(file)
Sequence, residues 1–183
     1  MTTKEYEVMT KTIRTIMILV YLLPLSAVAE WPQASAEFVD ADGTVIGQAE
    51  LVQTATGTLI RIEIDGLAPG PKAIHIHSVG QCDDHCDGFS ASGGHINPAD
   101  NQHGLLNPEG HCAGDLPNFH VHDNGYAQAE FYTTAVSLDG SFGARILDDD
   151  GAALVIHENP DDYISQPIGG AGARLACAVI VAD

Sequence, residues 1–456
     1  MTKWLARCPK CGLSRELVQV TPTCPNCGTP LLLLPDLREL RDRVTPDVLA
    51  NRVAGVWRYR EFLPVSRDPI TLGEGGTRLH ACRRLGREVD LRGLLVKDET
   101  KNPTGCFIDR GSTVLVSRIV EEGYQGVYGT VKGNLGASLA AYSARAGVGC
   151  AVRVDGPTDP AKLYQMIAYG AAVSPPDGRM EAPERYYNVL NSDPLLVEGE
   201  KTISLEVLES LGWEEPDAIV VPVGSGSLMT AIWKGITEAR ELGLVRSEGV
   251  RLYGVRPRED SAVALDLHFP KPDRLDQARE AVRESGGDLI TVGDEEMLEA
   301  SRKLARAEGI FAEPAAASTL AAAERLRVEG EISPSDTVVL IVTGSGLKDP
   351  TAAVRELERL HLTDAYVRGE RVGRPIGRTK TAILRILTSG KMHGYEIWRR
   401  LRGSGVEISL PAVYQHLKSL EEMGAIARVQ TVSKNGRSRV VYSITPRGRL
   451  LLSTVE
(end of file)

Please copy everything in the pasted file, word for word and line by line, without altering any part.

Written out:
Sequence, residues 1–183
     1  MTTKEYEVMT KTIRTIMILV YLLPLSAVAE WPQASAEFVD ADGTVIGQAE
    51  LVQTATGTLI RIEIDGLAPG PKAIHIHSVG QCDDHCDGFS ASGGHINPAD
   101  NQHGLLNPEG HCAGDLPNFH VHDNGYAQAE FYTTAVSLDG SFGARILDDD
   151  GAALVIHENP DDYISQPIGG AGARLACAVI VAD

Sequence, residues 1–456
     1  MTKWLARCPK CGLSRELVQV TPTCPNCGTP LLLLPDLREL RDRVTPDVLA
    51  NRVAGVWRYR EFLPVSRDPI TLGEGGTRLH ACRRLGREVD LRGLLVKDET
   101  KNPTGCFIDR GSTVLVSRIV EEGYQGVYGT VKGNLGASLA AYSARAGVGC
   151  AVRVDGPTDP AKLYQMIAYG AAVSPPDGRM EAPERYYNVL NSDPLLVEGE
   201  KTISLEVLES LGWEEPDAIV VPVGSGSLMT AIWKGITEAR ELGLVRSEGV
   251  RLYGVRPRED SAVALDLHFP KPDRLDQARE AVRESGGDLI TVGDEEMLEA
   301  SRKLARAEGI FAEPAAASTL AAAERLRVEG EISPSDTVVL IVTGSGLKDP
   351  TAAVRELERL HLTDAYVRGE RVGRPIGRTK TAILRILTSG KMHGYEIWRR
   401  LRGSGVEISL PAVYQHLKSL EEMGAIARVQ TVSKNGRSRV VYSITPRGRL
   451  LLSTVE